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Certain Anticholinergic Drugs Appear to Raise Dementia Risk

FRIDAY, April 27, 2018 (HealthDay News) -- Use of anticholinergic drugs may be tied to a future diagnosis of dementia, according to a study published online April 25 in The BMJ.

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Improvement in Race-Based Disparities in Years of Life Lost

THURSDAY, April 26, 2018 (HealthDay News) -- From 1990 to 2014 there was a decrease in race-based disparities in years of life lost (YLL) in the United States, according to a study published online April 25 in PLOS ONE.

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Saturday Is National Prescription Drug Take Back Day

THURSDAY, April 26, 2017 (HealthDay News) -- The U.S. Drug Enforcement Administration and local agencies are holding the 15th National Prescription Drug Take Back Day across the country this Saturday, April 28.

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Medicare Requiring Hospitals to Post Prices Online

WEDNESDAY, April 25, 2018 (HealthDay News) -- U.S. hospitals will have to post their standard prices online and make it easier for patients to access their electronic medical records, Medicare officials said Tuesday.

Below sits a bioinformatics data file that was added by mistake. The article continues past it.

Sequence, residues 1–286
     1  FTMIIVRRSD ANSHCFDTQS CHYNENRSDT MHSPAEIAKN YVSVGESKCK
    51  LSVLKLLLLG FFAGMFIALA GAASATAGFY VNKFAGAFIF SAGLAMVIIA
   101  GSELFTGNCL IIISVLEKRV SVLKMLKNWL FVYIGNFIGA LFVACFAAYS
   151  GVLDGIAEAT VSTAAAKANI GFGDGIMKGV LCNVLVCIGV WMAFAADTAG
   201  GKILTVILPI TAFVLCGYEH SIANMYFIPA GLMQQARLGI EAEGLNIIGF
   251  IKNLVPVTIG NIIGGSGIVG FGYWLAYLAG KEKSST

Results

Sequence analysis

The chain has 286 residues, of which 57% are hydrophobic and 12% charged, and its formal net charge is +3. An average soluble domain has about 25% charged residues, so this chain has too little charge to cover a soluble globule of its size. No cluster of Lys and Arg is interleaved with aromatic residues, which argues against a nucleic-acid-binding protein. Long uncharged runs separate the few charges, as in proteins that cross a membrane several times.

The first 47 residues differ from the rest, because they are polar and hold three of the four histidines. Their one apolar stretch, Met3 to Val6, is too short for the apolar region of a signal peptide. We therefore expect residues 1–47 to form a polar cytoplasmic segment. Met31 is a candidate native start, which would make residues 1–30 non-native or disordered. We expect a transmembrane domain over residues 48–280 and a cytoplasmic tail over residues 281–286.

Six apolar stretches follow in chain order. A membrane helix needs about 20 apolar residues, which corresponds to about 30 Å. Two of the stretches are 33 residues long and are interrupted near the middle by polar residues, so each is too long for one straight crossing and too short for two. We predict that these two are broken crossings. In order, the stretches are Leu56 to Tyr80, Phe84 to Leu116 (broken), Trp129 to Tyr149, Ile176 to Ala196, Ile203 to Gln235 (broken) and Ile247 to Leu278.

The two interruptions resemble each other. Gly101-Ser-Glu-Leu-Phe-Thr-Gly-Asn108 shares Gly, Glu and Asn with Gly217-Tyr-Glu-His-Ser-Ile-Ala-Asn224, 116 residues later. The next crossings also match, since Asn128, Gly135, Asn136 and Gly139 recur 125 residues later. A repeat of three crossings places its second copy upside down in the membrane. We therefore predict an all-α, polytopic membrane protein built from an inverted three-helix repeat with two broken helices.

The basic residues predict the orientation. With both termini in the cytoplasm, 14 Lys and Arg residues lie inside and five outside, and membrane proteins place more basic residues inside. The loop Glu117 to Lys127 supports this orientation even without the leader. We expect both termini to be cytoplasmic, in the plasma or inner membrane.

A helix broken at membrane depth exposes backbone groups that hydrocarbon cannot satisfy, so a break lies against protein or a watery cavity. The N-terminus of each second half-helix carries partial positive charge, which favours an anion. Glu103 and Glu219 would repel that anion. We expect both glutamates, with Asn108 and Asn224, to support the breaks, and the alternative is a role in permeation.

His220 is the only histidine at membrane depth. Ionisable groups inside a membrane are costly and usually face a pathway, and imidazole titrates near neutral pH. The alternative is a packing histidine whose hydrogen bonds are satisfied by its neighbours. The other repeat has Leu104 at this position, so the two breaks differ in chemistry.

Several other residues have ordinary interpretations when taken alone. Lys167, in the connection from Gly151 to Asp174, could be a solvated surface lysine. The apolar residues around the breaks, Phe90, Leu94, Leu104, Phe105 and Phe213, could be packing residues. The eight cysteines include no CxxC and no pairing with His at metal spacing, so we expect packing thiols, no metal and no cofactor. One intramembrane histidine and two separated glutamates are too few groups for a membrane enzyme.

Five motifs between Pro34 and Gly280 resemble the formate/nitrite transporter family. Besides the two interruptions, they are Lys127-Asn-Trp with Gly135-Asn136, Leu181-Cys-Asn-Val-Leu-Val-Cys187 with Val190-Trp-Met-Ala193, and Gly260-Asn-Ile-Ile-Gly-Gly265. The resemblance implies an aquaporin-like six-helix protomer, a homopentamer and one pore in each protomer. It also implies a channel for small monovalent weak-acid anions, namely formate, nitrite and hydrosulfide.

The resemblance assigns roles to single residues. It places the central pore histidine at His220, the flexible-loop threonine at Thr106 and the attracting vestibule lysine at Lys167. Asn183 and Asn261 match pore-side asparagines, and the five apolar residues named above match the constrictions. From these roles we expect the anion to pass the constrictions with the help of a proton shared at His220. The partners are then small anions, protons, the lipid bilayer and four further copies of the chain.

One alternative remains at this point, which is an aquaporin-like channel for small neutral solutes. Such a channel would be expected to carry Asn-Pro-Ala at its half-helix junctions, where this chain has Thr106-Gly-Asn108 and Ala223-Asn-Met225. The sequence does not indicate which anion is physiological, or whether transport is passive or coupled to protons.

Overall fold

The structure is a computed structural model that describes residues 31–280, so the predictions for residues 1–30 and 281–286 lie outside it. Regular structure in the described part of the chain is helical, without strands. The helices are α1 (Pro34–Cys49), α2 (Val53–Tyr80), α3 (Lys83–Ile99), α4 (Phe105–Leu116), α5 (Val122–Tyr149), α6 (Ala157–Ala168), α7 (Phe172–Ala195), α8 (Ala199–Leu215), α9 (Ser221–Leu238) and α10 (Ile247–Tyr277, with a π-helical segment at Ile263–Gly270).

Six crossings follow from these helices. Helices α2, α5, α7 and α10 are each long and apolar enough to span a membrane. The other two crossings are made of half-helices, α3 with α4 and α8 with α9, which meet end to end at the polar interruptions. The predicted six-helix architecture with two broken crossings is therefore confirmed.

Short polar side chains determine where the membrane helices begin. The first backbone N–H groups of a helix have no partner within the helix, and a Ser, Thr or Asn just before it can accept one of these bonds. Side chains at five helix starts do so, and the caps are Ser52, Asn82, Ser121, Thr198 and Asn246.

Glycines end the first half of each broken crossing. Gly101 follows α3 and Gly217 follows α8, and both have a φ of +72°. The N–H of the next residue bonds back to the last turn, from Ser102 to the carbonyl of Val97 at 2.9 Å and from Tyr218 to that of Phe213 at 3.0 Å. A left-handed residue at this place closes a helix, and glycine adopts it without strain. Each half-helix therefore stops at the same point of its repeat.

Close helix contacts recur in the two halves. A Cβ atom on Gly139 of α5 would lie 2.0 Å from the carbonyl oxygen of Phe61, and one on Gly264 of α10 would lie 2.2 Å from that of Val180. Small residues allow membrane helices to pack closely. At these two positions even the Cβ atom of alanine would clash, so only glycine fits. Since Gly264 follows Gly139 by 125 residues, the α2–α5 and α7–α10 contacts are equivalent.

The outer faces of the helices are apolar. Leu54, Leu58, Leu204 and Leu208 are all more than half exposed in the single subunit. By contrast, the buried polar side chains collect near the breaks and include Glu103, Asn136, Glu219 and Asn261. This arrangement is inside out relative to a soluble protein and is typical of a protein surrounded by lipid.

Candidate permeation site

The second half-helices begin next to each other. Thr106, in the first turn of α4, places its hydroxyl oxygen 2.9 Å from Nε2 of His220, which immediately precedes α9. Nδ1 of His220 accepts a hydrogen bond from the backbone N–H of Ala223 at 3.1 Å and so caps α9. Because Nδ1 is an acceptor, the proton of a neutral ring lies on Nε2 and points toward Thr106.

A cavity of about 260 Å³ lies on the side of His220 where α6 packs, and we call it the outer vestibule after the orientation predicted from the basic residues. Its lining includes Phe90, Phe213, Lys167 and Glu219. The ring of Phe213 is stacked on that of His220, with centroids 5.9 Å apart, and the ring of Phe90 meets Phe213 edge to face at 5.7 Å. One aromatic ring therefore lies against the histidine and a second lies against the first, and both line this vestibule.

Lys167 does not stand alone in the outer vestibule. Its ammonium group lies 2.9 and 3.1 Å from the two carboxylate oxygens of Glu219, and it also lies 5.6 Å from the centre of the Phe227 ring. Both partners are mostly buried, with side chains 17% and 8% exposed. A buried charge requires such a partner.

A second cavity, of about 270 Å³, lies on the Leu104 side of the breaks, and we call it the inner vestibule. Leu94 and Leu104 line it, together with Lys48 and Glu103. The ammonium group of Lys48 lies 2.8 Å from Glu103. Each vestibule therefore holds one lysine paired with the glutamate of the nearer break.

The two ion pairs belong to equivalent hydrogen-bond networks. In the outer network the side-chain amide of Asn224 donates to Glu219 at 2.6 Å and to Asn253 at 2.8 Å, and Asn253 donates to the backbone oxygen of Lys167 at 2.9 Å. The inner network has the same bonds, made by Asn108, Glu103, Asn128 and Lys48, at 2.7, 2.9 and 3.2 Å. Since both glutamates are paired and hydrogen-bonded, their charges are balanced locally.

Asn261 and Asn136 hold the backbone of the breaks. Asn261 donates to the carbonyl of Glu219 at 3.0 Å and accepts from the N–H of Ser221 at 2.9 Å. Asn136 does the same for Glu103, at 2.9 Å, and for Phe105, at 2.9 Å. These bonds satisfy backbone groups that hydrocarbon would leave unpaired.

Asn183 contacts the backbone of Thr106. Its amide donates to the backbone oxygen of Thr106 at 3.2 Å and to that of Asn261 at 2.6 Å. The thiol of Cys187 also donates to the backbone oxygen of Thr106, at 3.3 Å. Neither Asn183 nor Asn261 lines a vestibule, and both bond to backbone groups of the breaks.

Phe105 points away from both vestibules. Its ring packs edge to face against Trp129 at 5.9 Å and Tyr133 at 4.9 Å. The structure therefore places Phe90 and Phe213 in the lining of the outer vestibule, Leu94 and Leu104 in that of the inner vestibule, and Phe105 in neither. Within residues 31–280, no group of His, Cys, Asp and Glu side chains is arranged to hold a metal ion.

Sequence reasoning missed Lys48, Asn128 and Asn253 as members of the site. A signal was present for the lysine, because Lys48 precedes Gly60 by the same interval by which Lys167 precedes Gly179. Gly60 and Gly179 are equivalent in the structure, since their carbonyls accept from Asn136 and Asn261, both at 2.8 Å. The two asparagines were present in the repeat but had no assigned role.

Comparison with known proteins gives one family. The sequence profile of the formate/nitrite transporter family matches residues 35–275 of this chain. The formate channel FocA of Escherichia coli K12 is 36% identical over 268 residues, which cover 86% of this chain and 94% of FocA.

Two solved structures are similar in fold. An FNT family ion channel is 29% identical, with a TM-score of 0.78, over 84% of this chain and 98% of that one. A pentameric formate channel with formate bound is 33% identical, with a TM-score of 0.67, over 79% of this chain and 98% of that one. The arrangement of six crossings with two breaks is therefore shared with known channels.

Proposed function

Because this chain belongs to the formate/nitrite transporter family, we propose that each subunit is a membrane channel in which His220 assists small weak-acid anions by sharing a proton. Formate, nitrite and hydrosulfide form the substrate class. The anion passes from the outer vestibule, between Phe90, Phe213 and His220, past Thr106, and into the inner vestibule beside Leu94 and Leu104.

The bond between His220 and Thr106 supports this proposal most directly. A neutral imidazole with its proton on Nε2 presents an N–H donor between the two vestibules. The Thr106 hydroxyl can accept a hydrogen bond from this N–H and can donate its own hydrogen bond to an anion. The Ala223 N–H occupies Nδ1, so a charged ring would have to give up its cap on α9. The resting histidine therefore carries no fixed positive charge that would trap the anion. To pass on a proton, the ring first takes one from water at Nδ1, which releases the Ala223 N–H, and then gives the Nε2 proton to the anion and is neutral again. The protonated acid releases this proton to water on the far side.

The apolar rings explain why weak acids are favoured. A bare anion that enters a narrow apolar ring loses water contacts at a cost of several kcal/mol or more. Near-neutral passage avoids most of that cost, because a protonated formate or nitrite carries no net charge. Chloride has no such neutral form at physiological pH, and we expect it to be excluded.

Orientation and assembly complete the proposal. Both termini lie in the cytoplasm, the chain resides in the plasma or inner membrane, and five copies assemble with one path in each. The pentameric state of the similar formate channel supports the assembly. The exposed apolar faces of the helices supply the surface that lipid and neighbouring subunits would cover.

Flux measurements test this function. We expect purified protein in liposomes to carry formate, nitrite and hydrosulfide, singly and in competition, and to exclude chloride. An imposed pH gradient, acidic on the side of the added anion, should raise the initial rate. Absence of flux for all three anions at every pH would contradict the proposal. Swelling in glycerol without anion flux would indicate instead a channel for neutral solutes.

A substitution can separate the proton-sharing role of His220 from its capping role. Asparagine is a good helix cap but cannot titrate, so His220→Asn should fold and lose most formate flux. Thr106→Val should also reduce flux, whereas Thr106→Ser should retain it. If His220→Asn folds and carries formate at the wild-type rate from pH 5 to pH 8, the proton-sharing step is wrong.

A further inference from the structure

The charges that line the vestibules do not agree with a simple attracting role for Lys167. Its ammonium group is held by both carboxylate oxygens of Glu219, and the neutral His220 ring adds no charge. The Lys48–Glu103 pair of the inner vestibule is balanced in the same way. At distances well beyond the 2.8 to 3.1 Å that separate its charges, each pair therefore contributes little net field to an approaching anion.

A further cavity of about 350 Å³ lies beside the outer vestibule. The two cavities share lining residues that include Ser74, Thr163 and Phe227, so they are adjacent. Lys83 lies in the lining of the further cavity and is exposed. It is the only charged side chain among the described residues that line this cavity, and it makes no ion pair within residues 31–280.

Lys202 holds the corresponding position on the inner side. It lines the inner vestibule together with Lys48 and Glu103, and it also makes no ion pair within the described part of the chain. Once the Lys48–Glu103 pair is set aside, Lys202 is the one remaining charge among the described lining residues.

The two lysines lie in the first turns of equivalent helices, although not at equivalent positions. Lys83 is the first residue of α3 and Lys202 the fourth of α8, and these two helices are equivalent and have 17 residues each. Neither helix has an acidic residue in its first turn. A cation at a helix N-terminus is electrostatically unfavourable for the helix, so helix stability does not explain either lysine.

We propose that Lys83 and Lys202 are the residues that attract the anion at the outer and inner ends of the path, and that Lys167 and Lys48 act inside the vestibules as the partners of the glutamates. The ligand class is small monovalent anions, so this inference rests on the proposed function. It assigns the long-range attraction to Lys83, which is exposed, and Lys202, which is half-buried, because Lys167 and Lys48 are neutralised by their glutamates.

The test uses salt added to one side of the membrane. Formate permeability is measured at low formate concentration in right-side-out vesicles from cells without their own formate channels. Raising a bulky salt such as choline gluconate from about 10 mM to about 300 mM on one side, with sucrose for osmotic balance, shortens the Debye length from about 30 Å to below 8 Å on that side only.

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USPSTF Urges Abuse Screening for Reproductive-Aged Women

TUESDAY, April 24, 2018 (HealthDay News) -- The U.S. Preventive Services Task Force (USPSTF) has found that screening for intimate partner violence (IPV) is beneficial for reproductive-aged women, while there is inadequate evidence to weigh the balance of benefits and harms of screening for abuse in elderly and vulnerable adults. These findings form the basis of a draft recommendation statement published online April 24 by the USPSTF.

Draft Recommendation Statement
Draft Evidence Review
Comment on Recommendation

Exercise Intervention Doesn't Improve Walking Ability in PAD

TUESDAY, April 24, 2018 (HealthDay News) -- For patients with peripheral artery disease (PAD), a home-based exercise intervention does not improve walking ability over nine months compared with usual care, according to a study published in the April 24 issue of the Journal of the American Medical Association.

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One in Four Adults Report Having Arthritis

TUESDAY, April 24, 2018 (HealthDay News) -- Between 1999 and 2014, nearly one-quarter of American adults reported having arthritis, according to a study published recently in the American Journal of Public Health.